Setting up a business in the UAE

Generally speaking, in order conduct business in the UAE, it is necessary to establish a legal presence in the UAE. This means entrepreneurs will have to consider the option of setting up onshore in the UAE or in one of the UAE's free zones. As with any other business, the choice between establishing onshore or in a free zone will depend on many factors, including: the cost of setting up; where the business' customers are located; the type of business activity that will be carried on and any regulatory factors that may affect the business. One example of a regulatory limitation is the UAE Central Bank's Regulatory Framework for Stored Values and Electronic Payment Systems, which prohibits payment service providers, or PSPs, from incorporating in financial free zones, such as the Dubai International Financial Centre (the DIFC).

When setting up a limited liability company onshore, foreign businesses will need to be mindful of the requirement for 51 per cent of the shares to be owned by a UAE national partner. This is not required for free zones companies which permit 100 per cent foreign ownership. Neither of these options is particularly seamless or economical when compared to setting up a limited liability company in jurisdictions such as England.


It is often said that there is a financing gap for small and medium enterprises (SMEs), which many fintech businesses will be here in the UAE in the period between seed/angel funding (which could be loans/equity from friends and family in the region of US$50,000) and the larger venture capitalist firms (that may only be interested in dealing in investments of US$5 million and above). Although we are still a long way behind our colleagues in Silicon Valley, the UAE ecosystem has been developing rapidly over the last few years and there are now a mix of financing options for SMEs. Examples include government/free zone authority funds or incubator schemes, angel/seed investors, venture capitalists/private equity, traditional banks and crowd funding.

An equity-based fundraise gives investors proportionate ownership in the business, in the form of shares, in exchange for capital. As the number of investors in a business grows, so too does the number of shareholders. It is important for entrepreneurs to consider the kinds of rights shareholders will be afforded and how such rights will fit into the corporate legal framework in the UAE.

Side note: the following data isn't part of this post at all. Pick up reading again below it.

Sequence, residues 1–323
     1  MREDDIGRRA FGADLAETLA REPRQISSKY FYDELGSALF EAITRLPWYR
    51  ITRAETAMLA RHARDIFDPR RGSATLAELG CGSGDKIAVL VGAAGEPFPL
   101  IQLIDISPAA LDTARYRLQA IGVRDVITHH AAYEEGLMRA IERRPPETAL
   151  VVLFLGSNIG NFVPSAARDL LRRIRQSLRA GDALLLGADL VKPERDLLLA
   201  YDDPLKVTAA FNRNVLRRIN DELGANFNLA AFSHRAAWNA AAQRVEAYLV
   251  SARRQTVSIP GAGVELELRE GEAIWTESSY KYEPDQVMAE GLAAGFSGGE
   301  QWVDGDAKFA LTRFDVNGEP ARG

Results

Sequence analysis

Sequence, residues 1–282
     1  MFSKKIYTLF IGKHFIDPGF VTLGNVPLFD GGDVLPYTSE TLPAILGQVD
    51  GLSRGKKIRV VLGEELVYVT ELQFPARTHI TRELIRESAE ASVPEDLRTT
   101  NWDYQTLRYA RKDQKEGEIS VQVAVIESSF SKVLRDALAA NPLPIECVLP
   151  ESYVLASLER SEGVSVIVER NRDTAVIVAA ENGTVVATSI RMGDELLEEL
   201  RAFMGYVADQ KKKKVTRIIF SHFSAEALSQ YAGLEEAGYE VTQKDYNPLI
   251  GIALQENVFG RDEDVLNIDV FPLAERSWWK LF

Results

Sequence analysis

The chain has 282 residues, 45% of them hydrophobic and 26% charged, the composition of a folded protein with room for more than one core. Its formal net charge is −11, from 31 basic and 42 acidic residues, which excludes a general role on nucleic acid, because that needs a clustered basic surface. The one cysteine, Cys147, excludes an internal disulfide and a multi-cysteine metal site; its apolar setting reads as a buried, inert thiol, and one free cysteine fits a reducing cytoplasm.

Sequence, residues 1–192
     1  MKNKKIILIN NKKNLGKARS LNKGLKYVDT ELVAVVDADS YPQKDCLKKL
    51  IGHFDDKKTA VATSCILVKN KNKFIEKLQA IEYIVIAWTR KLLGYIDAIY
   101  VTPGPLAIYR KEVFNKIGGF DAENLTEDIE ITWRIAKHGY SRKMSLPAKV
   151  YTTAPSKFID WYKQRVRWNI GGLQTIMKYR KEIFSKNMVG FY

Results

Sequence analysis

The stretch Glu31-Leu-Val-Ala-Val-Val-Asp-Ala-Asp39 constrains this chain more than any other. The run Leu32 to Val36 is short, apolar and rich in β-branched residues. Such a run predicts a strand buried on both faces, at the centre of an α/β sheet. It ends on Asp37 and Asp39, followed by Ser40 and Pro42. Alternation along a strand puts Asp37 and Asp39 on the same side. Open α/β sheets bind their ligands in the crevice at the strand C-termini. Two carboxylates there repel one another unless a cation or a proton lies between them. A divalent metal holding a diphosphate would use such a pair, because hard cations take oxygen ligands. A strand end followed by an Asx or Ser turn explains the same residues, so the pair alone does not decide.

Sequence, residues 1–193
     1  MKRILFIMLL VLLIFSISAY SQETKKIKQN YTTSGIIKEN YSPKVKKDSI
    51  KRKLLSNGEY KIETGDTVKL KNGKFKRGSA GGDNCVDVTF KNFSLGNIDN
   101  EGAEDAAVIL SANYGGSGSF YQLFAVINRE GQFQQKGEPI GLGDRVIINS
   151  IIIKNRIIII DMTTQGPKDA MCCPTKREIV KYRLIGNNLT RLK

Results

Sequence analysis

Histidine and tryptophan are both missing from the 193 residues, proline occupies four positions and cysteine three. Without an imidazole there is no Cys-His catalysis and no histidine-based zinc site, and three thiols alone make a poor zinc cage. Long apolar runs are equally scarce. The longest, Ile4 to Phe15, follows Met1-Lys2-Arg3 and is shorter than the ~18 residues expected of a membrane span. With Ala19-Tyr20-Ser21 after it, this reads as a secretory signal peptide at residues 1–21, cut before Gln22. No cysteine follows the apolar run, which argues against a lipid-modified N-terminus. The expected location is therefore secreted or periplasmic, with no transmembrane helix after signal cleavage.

In addition to raising capital through equity, entrepreneurs may also consider more traditional forms of fundraising, such as credit facilities offered by large financial institutions. While financial institutions are able to offer sizeable loans, entrepreneurs will need to consider whether the cost of such loans can be absorbed by the new company, and whether entrepreneurs themselves are willing to give personal guarantees and therefore take on the risk of repaying loans in the event that the business is unsuccessful.

Lastly, as crowdfunding gains popularity as a fundraising mechanism in all industries, entrepreneurs considering crowdfunding in the UAE need to be aware of UAE charity and fundraising laws. For example, in Dubai, all fundraising and advertisement of fundraising activity needs to be authorised by the Islamic Affairs and Charitable Activities Department. Raising funds for a business, where donors contribute money and do not receive anything in return, would fall within the scope of the charity and fundraising rules.


The financial free zones have developed programs to alleviate some of the challenges and risks associated with starting new fintech businesses in the UAE.

The Abu Dhabi Global Market (ADGM) introduced RegLab as a means for entrepreneurs to test their business ideas in a controlled environment. RegLab allows entrepreneurs to develop and test their business ideas in a safe environment with a reduced regulatory burden. RegLab authorises participants to operate under a safe or incubator regulatory environment before graduating to the full regulatory regime of the ADGM.

The DIFC has partnered with Accenture to develop a 12-week program for entrepreneurs, FinTech Hive, which helps new business owners refine and test their business proposition. In addition to assisting businesses transform an innovative idea into a commercially viable business, FinTech Hive also facilitates access to potential investors, including global financial institutions, venture capital companies and other investors.

Seeking legal counsel

Fintech activity across the region is gaining momentum and the accelerator programs highlighted above show a clear commitment on the part of UAE authorities to develop and grow this sector. Navigating the complex set-up process and regulations in the UAE can be a challenge for any business, especially for fintech companies where many of the relevant regulations are new and have not been tested.

Entrepreneurs should consider seeking legal counsel to ensure that the appropriate entity is selected in line with the business' goals and that the set-up process is carried out in a smooth and efficient manner.

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